But does it really do anything?
Its topical effect on burn wounds is well-known, with a recent meta-analysis concluding that aloe vera-containing products reduce burn healing time by 8.79 days on average. Since the products often contained other ingredients and weren’t standardized for aloe vera content, all that can be said is that “some amount” of aloe vera is effective against burns.
Oral aloe vera has anti-hyperlipidemic and anti-hyperglycemic effects. A recent study found that in type 2 diabetes patients with bad blood lipids and excessive fasting blood sugar levels, a 300 mg capsule of aloe vera gel taken every twelve hours for two months lowered LDL, HbA1c, fasting blood glucose, and total cholesterol. No adverse effects were reported, and liver and kidney function tests checked out.
An extract of aloe vera even shows promise as a promoter of dental pulp cell proliferation (the stem cells that “turn into” teeth) and the mineralization and formation of dentin. The study involved capping the exposed upper molars of rats in either the aloe extract (acemannan) or a control for 28 days, so it’s not as simple as swishing with aloe vera juice every night.
Aloe is certainly good as a laxative, but there’s no concrete evidence that I’m aware of for its use in healing damaged stomach tissue. You could give it a shot in an experiment of one, of course. Just note that chronic oral aloe vera consumption has been linked to hepatic toxicity in some cases. Doses of between 250 and 500 mg per day were cited – a not unheard of amount, so use caution.
Verdict: Primal, but be sure to use medicinally, not chronically.
If aloe’s supposed aphrodisiac effects are based in obscure folk wisdom, maca has actual clinical trials. Maca appears to be that rare substance that actually works as advertised. Most importantly, it increases sexual desire, function, and fertility in both men and women.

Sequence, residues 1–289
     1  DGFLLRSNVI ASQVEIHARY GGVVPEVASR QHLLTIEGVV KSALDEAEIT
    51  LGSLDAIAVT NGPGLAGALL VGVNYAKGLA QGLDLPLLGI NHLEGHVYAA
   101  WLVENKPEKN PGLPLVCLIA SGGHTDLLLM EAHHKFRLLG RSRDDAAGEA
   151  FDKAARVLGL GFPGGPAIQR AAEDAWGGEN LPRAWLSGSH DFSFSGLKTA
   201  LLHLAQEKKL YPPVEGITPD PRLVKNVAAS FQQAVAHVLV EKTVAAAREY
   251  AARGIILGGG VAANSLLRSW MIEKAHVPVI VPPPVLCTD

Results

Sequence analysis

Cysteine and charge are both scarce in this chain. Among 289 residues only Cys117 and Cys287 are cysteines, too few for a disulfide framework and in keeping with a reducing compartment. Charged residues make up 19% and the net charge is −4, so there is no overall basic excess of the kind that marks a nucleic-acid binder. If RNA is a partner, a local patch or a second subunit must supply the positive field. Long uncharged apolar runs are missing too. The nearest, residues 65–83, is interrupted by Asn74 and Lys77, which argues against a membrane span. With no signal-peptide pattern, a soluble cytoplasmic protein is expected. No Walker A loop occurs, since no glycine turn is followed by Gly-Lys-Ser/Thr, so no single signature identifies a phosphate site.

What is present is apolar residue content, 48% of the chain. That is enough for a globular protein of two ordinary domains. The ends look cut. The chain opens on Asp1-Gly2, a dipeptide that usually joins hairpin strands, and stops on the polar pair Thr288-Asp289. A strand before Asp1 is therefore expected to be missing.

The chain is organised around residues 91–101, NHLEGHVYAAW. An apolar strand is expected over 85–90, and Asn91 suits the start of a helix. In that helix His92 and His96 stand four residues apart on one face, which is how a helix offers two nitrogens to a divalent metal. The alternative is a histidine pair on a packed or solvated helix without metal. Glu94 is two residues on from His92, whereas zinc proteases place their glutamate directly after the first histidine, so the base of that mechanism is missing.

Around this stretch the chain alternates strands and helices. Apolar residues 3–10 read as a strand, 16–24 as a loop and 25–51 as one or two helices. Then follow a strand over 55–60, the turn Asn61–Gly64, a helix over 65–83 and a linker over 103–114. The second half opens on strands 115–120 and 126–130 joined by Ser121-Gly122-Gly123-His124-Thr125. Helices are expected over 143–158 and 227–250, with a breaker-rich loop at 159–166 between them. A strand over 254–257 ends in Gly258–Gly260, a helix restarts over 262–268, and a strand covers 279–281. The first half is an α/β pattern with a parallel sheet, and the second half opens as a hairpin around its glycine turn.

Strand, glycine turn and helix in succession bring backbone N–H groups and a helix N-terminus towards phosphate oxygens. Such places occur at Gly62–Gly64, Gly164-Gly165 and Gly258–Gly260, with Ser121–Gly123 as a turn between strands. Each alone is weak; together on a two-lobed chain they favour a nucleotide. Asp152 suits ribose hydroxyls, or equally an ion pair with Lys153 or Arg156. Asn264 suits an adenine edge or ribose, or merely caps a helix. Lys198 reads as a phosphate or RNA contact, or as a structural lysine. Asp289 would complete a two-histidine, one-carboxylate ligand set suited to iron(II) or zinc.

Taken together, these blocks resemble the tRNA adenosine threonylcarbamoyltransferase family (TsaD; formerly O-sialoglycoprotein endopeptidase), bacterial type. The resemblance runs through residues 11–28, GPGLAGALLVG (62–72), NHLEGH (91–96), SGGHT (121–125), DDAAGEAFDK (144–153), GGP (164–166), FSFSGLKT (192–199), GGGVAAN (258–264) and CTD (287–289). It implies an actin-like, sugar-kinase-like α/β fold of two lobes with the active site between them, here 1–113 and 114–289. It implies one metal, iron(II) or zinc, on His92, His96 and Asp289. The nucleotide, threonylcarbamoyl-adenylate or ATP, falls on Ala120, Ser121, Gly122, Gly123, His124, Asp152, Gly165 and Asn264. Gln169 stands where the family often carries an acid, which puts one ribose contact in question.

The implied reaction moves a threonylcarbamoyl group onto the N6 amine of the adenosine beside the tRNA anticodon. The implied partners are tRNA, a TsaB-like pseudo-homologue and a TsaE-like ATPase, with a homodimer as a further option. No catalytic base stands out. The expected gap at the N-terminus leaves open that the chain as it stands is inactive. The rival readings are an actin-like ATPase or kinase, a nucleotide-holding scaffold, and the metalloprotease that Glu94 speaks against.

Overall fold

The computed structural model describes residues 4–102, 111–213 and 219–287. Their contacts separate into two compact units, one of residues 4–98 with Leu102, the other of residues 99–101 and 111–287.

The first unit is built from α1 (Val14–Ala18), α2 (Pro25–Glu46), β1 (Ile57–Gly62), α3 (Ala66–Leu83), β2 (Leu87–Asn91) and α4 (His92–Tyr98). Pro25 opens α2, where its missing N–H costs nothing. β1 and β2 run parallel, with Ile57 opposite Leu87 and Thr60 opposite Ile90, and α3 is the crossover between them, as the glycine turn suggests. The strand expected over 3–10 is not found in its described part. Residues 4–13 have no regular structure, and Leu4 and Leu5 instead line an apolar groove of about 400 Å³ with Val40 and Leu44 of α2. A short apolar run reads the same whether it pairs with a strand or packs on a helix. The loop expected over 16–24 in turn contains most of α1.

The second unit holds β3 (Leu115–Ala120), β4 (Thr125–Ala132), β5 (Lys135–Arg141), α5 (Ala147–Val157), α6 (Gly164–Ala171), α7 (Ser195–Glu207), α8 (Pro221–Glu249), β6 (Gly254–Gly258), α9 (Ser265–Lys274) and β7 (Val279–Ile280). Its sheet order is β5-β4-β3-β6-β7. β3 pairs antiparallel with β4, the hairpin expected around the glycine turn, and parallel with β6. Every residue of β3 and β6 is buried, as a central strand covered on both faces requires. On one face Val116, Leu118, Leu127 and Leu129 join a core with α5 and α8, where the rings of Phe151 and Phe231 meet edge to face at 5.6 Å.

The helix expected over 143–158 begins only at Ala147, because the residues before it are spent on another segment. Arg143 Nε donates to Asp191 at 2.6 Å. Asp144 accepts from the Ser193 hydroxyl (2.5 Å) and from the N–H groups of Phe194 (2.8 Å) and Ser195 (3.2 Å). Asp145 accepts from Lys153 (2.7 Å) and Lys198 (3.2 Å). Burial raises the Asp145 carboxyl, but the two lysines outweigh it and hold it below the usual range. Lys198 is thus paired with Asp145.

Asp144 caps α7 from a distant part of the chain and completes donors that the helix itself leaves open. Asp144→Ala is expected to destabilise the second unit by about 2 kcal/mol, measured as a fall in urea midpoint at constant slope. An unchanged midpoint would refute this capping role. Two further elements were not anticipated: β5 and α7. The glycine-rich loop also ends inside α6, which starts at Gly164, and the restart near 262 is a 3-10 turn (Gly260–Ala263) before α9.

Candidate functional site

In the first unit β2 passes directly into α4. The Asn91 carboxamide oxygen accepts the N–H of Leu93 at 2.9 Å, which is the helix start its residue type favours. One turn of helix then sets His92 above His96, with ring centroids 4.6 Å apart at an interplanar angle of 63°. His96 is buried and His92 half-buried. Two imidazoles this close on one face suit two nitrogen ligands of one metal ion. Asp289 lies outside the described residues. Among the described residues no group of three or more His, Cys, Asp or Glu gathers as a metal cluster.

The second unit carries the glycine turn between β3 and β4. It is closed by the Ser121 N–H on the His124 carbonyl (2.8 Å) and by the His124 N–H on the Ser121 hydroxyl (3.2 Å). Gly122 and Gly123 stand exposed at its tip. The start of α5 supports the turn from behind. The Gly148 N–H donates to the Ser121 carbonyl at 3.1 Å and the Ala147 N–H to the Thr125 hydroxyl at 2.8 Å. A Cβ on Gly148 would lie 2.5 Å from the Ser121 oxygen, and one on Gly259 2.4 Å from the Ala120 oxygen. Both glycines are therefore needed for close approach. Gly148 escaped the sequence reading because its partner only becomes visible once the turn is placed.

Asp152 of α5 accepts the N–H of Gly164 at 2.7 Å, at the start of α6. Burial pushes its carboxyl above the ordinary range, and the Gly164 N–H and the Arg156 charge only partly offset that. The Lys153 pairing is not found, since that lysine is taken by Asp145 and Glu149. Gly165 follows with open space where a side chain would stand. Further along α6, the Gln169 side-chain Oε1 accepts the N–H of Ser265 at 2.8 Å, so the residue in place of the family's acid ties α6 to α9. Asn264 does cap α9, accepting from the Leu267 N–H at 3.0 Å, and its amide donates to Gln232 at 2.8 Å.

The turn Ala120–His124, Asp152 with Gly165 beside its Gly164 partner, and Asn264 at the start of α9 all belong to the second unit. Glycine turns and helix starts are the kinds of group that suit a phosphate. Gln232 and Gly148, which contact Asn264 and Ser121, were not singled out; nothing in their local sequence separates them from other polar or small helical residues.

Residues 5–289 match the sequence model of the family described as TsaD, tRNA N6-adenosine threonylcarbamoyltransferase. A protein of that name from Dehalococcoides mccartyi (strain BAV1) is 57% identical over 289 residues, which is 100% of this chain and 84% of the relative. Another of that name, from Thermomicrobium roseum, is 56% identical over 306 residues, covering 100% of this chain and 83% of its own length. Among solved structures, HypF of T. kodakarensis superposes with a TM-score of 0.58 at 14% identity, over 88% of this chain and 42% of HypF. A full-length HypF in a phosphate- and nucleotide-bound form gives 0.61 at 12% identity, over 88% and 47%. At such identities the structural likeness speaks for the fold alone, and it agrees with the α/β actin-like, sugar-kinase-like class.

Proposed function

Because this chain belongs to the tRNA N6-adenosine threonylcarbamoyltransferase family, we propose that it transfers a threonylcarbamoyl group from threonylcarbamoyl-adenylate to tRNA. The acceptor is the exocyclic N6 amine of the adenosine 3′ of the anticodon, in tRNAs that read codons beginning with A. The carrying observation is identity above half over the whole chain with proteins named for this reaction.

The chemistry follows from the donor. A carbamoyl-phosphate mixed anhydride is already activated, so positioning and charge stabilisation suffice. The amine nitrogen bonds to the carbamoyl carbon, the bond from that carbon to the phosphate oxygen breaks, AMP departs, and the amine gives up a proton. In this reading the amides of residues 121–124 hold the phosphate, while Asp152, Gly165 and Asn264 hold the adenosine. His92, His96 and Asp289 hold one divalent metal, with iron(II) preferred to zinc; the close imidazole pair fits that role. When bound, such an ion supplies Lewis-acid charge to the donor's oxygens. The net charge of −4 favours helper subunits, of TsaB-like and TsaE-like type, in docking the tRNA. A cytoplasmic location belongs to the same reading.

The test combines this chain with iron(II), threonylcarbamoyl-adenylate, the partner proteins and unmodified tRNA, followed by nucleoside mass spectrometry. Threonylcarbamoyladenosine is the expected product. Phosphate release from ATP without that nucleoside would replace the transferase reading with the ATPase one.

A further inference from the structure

Maca also has some neuroprotective effects, at least in rodents, but the sex angle is the most studied.
If you decide to try it, don’t necessarily rush out and buy the raw maca. Traditionally, maca root was eaten as a root vegetable in Peru – cooked, boiled, mashed, or turned into flour. It wasn’t eaten raw to “preserve enzymes” or some other such thing. Raw maca is generally less expensive than gelatinized maca, but the latter is more concentrated with the starch removed, and perhaps more effective. Furthermore, since maca is in the brassica family (along with cabbage, broccoli, and kale), it has goitrogenic qualities that increase the requirement for iodine. Raw maca is going to have more goitrogenic activity than heat-treated maca.
If I were going to use maca, I’d be interested to see if it boosted sexual desire. That’s where most of the best research has been done. I’d do about 1.5 to 3 grams daily, which seems to be the effective dose range. I’d make sure to eat extra iodine-rich foods, like seafood and sea vegetables. And I’d treat it like a medicine, taking it when and if I felt I needed it and removing it if any untoward effects were felt.
That’s it for today, folks. I hope I’ve given you some new things to try, or to avoid, and that you find my advice helpful.